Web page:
You bet it’s appalling when our supposed allies sell us out. That’s sure what Breyer appeared to be doing. There’s also a special level of prurience, and one hopes a special circle in hell, reserved for those who sexually humiliate a schoolgirl. (Redding was 13 at the time of the incident.) And let’s be clear: Strip searches are always a form of sexual humiliation.
Stepping back just a moment from the issue’s gendered dimensions, I assume we can all agree that strip searches in public schools are a violation of the kids’ rights – full stop. Nothing short of a life-and death situation justifies stripping a kid of her clothes, rights, and dignity. Metal detectors will pick up weapons. Unless there’s a clear and present danger of a kid secreting plastic explosives on his person, there’s just no fucking excuse (and then the principal had better call the cops anyway). Redding was falsely accused of carrying prescription ibuprofen; I’ve taken a lot of that stuff and it hasn’t exploded yet.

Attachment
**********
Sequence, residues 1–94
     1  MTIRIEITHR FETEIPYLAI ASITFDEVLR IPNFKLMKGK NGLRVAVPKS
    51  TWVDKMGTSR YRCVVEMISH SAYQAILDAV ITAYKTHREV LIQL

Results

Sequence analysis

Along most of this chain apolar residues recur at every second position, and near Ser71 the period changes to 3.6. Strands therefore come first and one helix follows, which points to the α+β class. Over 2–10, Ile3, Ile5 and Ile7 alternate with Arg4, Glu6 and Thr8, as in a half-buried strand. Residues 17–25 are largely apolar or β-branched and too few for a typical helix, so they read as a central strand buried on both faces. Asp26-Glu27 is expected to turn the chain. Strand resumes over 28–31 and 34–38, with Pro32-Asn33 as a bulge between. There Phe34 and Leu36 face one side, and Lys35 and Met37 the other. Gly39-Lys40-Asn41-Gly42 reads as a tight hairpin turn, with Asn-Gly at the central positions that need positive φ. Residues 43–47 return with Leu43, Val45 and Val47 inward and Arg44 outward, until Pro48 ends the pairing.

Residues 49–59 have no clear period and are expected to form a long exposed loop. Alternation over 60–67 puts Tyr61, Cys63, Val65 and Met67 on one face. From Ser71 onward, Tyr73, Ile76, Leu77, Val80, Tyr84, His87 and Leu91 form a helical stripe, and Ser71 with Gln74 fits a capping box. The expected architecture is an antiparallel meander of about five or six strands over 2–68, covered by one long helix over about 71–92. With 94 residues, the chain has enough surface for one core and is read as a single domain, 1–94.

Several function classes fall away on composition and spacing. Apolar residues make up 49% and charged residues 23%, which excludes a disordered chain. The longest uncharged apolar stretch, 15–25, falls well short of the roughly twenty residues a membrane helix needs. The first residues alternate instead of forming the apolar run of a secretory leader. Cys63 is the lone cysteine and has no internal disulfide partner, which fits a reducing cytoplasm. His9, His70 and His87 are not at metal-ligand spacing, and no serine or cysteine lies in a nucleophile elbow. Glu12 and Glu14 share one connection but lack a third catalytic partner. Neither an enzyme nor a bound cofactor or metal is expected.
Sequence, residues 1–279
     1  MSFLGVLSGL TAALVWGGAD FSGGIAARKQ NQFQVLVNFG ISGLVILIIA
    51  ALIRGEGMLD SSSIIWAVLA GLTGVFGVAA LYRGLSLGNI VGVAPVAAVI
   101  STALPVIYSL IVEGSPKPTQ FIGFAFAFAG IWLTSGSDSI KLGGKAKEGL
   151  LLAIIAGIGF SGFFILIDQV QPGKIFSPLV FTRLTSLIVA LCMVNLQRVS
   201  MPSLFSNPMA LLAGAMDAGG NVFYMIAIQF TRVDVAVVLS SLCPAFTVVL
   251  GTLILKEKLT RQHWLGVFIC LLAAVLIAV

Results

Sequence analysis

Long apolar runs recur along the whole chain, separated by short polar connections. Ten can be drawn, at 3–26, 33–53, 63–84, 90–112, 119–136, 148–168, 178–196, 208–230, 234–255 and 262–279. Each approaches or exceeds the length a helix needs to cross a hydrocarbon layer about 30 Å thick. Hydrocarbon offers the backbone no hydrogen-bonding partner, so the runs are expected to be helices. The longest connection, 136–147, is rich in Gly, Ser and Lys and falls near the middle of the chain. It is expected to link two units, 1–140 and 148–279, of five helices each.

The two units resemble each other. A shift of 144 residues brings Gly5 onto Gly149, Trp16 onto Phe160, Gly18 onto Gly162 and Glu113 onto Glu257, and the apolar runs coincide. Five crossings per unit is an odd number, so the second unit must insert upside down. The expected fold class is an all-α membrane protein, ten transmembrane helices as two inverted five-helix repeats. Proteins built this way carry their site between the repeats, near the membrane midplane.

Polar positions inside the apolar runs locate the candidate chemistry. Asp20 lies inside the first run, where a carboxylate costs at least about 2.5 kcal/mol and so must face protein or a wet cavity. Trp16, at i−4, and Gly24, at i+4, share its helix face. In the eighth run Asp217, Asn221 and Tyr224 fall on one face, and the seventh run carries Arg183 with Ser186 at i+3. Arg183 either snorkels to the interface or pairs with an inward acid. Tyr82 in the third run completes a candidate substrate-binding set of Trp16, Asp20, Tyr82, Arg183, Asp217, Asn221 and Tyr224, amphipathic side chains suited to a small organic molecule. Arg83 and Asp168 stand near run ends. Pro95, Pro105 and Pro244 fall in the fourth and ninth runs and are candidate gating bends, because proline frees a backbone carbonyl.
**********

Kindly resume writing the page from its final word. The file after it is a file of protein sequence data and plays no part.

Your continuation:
Historiann and Amanda are surely right that Justice Ginsburg is a lonely voice, and that we can’t trust a nearly all-male court to protect women’s interests. They’re right, too, that girls are generally vulnerable in ways that boys aren’t – not least, because teenage girls are sexualized in our culture to a much greater extent than boys. Girls are also more likely to be sexually harassed or molested, but truth be told, boys are also at very high risk.
In Ohio, schools have conducted strip searches for contraband as minor as cigarettes. In a case the ACLU just won against the Bucyrus School District, all but one of the students were boys. They weren’t treated any better than Redding, and they don’t seem to have regarded the experience as a boys-will-be-boys lark. Here’s how the ACLU describes the kids’ ordeal: